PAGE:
Recommendation 10: Scottish Government should confirm at an early stage how it will resolve disputes between persons with parental responsibility regarding the suspension of social security assistance, and include this in published guidance.
DACYP Regulation 26B and SCP Regulation 19B stipulate that an individual whose payment of CDP or SCP is suspended has a right to request a review of the decision to suspend. Social Security Scotland must complete this review within 31 days of receiving the request, which is longer than the normal period allowed for a re-determination of entitlement to social security assistance. In contrast to re-determination requests, there is no time limit within which the request for review must be made. Clearly, procedural justice, embodied in article 6 and protocol 1, article 1, ECHR, requires that individuals have an opportunity to challenge interference with their property rights (which include social security entitlements).
Some stakeholders expressed concern to SCoSS that there is no explicit duty to inform the claimant of the outcome of the review and of the next steps if they remain dissatisfied. SCoSS agrees that it will be necessary to provide this information, particularly as the process for challenging a decision to suspend is different to challenging a determination of entitlement – the individual may not appeal to a tribunal, but would have to submit a complaint and perhaps ultimately seek leave to bring a judicial review.
Recommendation 11: Scottish Government should further amend SCP Regulation 19B to include a requirement that the outcome of a review and the next steps, if the person is dissatisfied with the outcome, are communicated to the person requesting a review.
Recommendation 12: SCoSS invites Scottish Government to explain the rationale for the proposed 31 day period for consideration of a request for review of a decision to suspend payment. In particular, why this is longer than the 16 working days normally allowed for re-determination of entitlement to social security assistance.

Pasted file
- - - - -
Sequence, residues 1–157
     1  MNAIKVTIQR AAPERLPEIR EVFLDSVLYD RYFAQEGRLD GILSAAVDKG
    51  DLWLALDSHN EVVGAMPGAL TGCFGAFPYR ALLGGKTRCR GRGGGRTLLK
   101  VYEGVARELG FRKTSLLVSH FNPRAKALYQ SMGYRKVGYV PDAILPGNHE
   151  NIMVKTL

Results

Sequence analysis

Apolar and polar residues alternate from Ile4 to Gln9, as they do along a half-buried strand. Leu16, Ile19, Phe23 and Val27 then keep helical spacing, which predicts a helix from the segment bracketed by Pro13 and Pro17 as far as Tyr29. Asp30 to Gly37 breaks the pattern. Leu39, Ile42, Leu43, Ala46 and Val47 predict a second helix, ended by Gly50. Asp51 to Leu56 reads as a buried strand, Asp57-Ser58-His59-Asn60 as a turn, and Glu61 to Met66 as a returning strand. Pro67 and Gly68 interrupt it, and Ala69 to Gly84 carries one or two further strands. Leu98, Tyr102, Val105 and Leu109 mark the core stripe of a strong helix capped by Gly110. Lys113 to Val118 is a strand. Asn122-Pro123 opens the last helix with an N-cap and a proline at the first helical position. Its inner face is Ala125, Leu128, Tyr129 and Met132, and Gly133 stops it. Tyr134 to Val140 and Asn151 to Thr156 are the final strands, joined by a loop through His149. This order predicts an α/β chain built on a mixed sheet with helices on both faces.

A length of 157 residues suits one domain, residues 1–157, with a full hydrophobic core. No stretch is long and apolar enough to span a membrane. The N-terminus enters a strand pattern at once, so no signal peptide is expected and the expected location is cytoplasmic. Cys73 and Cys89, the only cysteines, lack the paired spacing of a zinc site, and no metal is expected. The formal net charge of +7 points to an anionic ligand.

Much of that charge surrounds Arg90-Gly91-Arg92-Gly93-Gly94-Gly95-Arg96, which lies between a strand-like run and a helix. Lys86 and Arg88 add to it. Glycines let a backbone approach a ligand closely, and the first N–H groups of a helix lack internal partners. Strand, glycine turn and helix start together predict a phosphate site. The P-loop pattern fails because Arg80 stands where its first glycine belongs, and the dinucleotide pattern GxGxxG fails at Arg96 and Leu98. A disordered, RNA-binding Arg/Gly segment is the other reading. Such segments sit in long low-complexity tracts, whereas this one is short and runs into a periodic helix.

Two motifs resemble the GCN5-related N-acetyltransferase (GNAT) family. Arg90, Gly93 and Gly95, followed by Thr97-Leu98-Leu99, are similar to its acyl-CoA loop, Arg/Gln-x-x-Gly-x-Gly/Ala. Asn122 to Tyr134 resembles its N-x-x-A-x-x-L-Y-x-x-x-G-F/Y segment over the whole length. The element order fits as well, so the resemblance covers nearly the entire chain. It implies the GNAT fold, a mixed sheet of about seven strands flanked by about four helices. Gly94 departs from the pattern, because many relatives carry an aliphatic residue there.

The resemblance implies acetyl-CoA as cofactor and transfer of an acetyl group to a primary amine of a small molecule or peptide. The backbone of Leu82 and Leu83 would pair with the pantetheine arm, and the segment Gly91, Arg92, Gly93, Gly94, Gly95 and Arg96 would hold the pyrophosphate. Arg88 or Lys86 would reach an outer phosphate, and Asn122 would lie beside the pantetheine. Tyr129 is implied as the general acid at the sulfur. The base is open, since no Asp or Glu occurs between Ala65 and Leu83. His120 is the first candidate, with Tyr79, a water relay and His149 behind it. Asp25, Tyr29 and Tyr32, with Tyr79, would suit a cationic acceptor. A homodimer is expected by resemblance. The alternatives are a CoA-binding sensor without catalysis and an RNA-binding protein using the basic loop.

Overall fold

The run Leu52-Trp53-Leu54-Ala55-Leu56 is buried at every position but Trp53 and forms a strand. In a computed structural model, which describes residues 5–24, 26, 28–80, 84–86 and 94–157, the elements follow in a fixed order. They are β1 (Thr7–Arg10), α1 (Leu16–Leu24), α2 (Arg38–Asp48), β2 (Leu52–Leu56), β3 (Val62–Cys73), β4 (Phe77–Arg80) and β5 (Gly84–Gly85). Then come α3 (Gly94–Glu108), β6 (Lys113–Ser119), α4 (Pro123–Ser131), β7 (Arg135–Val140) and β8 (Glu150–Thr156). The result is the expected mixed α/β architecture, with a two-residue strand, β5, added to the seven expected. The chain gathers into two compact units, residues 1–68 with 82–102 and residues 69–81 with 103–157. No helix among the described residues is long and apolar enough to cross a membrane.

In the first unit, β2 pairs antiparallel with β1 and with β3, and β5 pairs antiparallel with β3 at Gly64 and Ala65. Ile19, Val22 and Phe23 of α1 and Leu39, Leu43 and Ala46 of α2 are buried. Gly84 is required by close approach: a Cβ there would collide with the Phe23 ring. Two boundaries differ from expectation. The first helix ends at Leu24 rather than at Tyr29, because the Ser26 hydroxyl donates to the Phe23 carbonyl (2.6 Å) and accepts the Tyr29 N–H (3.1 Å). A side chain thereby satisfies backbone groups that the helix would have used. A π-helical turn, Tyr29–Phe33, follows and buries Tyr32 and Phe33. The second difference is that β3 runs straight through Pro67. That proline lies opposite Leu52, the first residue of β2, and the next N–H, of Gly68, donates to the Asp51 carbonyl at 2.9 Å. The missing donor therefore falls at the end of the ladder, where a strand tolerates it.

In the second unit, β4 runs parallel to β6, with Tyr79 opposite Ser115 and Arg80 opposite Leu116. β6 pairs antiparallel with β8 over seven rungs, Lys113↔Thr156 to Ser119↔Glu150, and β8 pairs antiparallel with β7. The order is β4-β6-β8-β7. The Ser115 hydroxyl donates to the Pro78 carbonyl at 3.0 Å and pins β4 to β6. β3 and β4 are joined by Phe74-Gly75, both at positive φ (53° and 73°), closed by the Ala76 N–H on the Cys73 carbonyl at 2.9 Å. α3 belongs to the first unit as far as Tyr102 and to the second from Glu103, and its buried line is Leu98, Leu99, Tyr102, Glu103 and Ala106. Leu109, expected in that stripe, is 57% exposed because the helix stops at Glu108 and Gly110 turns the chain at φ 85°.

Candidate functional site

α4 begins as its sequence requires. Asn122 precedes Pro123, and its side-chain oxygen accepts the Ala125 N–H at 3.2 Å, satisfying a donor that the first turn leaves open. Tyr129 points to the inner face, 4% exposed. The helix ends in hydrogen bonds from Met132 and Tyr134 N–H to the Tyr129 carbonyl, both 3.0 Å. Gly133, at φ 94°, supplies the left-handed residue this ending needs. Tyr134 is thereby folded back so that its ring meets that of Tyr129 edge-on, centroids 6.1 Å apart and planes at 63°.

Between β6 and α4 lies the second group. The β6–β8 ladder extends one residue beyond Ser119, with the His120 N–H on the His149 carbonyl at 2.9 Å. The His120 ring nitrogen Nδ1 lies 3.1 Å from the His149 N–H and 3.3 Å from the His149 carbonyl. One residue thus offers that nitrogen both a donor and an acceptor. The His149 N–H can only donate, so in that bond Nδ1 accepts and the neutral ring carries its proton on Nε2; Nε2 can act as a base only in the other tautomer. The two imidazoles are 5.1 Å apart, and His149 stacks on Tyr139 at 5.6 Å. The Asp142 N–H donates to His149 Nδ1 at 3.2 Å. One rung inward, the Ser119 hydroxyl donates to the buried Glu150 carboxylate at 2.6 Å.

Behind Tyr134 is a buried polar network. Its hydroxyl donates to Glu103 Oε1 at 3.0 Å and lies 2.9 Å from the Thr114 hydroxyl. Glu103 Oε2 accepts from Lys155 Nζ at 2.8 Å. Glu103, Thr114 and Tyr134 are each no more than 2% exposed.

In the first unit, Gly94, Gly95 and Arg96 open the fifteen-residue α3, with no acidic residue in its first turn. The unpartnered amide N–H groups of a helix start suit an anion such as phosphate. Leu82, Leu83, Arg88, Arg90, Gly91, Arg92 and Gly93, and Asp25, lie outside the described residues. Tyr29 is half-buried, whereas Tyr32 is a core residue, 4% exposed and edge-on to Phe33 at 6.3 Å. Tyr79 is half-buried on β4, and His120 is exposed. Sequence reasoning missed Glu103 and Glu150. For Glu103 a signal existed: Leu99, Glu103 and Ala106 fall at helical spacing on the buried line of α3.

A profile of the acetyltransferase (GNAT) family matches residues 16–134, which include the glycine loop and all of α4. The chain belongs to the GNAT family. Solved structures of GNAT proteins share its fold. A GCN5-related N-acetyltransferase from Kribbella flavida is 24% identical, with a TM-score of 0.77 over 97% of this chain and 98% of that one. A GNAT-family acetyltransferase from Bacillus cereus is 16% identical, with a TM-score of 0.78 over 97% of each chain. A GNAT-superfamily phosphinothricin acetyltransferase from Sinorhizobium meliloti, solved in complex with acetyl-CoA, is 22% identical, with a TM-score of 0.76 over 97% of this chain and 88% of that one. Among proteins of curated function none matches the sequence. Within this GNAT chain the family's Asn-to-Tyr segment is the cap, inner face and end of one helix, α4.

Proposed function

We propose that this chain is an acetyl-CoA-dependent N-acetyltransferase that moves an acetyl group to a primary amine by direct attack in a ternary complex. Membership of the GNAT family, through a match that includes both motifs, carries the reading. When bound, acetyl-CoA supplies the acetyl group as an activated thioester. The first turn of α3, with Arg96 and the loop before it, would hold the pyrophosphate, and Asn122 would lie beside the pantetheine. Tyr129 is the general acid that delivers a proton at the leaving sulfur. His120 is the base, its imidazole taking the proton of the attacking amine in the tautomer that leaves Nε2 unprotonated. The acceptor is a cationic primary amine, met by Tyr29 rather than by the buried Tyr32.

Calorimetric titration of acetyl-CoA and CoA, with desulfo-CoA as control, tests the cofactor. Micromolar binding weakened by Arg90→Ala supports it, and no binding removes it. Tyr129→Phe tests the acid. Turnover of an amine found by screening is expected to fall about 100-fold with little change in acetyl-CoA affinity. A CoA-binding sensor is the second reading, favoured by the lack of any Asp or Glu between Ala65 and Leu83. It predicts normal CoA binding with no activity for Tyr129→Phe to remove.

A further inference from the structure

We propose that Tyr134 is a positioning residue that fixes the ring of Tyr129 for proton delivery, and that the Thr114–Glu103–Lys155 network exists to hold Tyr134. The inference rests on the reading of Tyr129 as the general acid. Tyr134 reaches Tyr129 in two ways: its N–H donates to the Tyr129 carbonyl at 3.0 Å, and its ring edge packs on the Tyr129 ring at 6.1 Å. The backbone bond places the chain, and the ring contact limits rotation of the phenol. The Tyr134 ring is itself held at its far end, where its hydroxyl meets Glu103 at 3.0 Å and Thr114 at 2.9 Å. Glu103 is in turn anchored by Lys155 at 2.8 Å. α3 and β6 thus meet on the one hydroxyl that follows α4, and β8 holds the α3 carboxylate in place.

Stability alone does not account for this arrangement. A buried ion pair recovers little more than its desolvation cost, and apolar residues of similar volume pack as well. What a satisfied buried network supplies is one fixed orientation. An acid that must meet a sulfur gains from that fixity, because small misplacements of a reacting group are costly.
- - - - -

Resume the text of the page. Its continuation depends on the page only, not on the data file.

Communication of a decision to suspend and the reasons for it may be particularly delicate when payment is suspended with a view to protecting an individual from financial abuse. If the suspected abuser is the parent of the individual to whom the award is made (where the individual is a child), or an appointee, or lives at the same address, then it is likely that they will at least have an opportunity to read communication from Social Security Scotland. This could leave the individual with the award exposed to other forms of abuse, or lead to repercussions for whoever may be suspected by the person of prompting suspension of the payment they were receiving. As noted above, this could include putting the individual under pressure to declare financial hardship with a view to avoiding suspension. This would inevitably be a very difficult situation to address and all SCoSS can do is note that we have received an assurance from Scottish Government that it is aware of the possibility and will endeavour to minimise risk to the claimant or other parties, working in partnership with individuals or organisations as appropriate.